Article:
Fun times for Hasbro
Despite the recession and grim holiday-shopping season, the toymaker has a strategy for keeping growth going.
NEW YORK (Fortune) -- Stock-market success stories have been few and far between this year, but here's one that would make Santa Claus himself proud: Toymaker Hasbro has beaten Wall Street's expectations in each of the past seven quarters, propelling the stock higher as most of the market was plummeting.
Shares reached an all-time high near $41 in August before slumping back below $30. Even with that pullback, the shares have gained 12% over the past 52 weeks, compared with a 41% slide for the S&P 500. Shares of No. 1 rival Mattel have fallen 19% over that time.
With the Christmas presents unwrapped and the calendar now turning to 2009, should investors keep playing with Hasbro (HAS)?
The Pawtucket, R.I., toymaker has a number of factors working in its favor.
Profits through the first nine months of the year are up 7% over past year and sales for the year are forecasted to reach a record $4.1 billion, up from $3.8 billion in 2007.
Most analysts expect the momentum to continue, even with the slumping economy. "We still think, despite the market out there, that Hasbro will grow in '09 versus '08 and that would be pretty impressive," said analyst Chris White of Morgan Wedbush Securities.
But Hasbro's stock also faces a few strong headwinds, such as a weak economy, grim holiday shopping projections, currency effects from overseas sales and the hurdle of high expectations based on recent results and upcoming product releases.
Under president and CEO Brian Goldner, 45, the 85-year-old company has expanded efforts to breathe new life into its stable of classic brand names -- G.I. Joe, Monopoly, Transformers -- by licensing them for movies, television shows and video games.
"We have one mantra at Hasbro: reinvent, reignite and reimagine our world-class portfolio of brands," Goldner told analysts at a November meeting. The goal is to turn its toys and games into "global mega-brands."
That strategy started several years ago, but the company has begun reaping real benefits.
The 2007 live-action "Transformers" movie generated more than $700 million in worldwide box office receipts -- and a sequel is due out in June 2009, which should help drive Transformer merchandise sales.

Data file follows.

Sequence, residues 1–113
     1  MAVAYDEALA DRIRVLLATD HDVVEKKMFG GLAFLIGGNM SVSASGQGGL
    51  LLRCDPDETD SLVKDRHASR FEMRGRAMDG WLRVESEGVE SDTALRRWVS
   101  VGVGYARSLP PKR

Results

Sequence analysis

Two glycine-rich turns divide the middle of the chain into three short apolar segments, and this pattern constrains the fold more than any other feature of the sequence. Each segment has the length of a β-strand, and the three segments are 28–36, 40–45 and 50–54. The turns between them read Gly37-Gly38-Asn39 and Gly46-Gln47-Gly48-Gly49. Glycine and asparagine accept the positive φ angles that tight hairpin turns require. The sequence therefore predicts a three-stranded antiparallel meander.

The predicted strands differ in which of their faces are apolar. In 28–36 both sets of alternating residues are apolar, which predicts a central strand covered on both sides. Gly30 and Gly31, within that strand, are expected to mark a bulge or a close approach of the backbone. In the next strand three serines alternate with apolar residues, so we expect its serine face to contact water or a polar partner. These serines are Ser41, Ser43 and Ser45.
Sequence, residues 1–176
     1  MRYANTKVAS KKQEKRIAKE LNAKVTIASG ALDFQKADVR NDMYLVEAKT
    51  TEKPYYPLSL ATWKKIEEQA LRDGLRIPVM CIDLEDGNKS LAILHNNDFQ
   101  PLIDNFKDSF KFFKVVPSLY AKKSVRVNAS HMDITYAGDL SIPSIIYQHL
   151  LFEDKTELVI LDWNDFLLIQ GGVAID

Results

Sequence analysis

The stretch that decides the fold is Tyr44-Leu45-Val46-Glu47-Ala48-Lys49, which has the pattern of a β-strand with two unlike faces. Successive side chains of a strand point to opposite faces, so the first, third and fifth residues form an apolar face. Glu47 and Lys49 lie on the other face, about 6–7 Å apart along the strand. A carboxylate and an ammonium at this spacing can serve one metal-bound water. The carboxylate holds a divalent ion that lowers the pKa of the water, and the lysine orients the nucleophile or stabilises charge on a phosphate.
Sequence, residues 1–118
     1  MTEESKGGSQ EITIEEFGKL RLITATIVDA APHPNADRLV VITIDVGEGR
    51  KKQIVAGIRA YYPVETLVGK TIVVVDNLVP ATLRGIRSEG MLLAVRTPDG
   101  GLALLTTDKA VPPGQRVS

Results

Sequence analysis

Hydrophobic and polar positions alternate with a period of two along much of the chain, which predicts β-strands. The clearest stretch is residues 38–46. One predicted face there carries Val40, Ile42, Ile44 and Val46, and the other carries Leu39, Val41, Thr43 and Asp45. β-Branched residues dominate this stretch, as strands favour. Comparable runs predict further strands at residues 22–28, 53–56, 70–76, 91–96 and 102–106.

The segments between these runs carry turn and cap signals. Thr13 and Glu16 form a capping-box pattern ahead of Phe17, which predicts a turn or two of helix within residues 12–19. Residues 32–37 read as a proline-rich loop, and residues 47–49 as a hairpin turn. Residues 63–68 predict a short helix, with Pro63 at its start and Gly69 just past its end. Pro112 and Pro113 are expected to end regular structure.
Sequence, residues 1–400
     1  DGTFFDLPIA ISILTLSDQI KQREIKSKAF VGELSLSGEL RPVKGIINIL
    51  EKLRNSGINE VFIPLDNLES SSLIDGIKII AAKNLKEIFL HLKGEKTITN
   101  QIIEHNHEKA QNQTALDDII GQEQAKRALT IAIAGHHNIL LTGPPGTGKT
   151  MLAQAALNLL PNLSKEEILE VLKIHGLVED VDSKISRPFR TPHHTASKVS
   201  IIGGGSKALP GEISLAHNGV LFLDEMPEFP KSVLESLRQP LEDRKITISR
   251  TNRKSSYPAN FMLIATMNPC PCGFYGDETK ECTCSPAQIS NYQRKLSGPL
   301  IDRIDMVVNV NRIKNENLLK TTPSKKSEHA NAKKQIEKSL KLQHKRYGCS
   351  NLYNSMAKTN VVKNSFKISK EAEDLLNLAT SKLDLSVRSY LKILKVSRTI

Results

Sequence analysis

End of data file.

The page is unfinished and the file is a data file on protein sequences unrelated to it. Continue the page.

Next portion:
Similarly, a G.I. Joe movie is due out in August. "Expectations are high for these two movies and toy sales related to them," said Gerrick Johnson, an analyst with BMO Capital Markets.
And more movies are on the way. Last February, Hasbro announced a six-year partnership with Universal Pictures to produce at least four movies based on the toymaker's brands.
Video-game maker Electronic Arts this month introduced cellphone versions of Hasbro board games such as Monopoly, Yahtzee and Risk. Universal Studios is even developing a Transformers ride for its theme parks.
Goldner, who took over as CEO in May after serving as Hasbro's chief operating officer since 2006, has won widespread praise for taking Hasbro beyond toys in those ways.
"He's a rock star," said White. "He's really visionary. He's doing something that's dramatically different. He's making Hasbro into not just a toy company but a true consumer and entertainment conglomerate."
Goldner is also focused on increasing sales in emerging markets, such as China, Brazil, Russia and the Czech Republic, which have a greater proportion of young people than in developed markets and thus present appealing opportunities.
Mattel has a much larger business in these regions, but Goldner and COO David Hargreaves have assured analysts that they "intend to play catch-up very quickly."
Some of those economies may be struggling right now, but analysts believe the push should pay off over time. "Short term it could actually pressure their earnings more than help it. But long term it's the right thing to do," says BMO's Johnson.
Even if the stock succumbs to those near term pressures and the pessimism surrounding holiday sales, it might get a bump as we get closer to the summer release of the Transformers and G.I. Joe movies. That, at least, has been the historical pattern.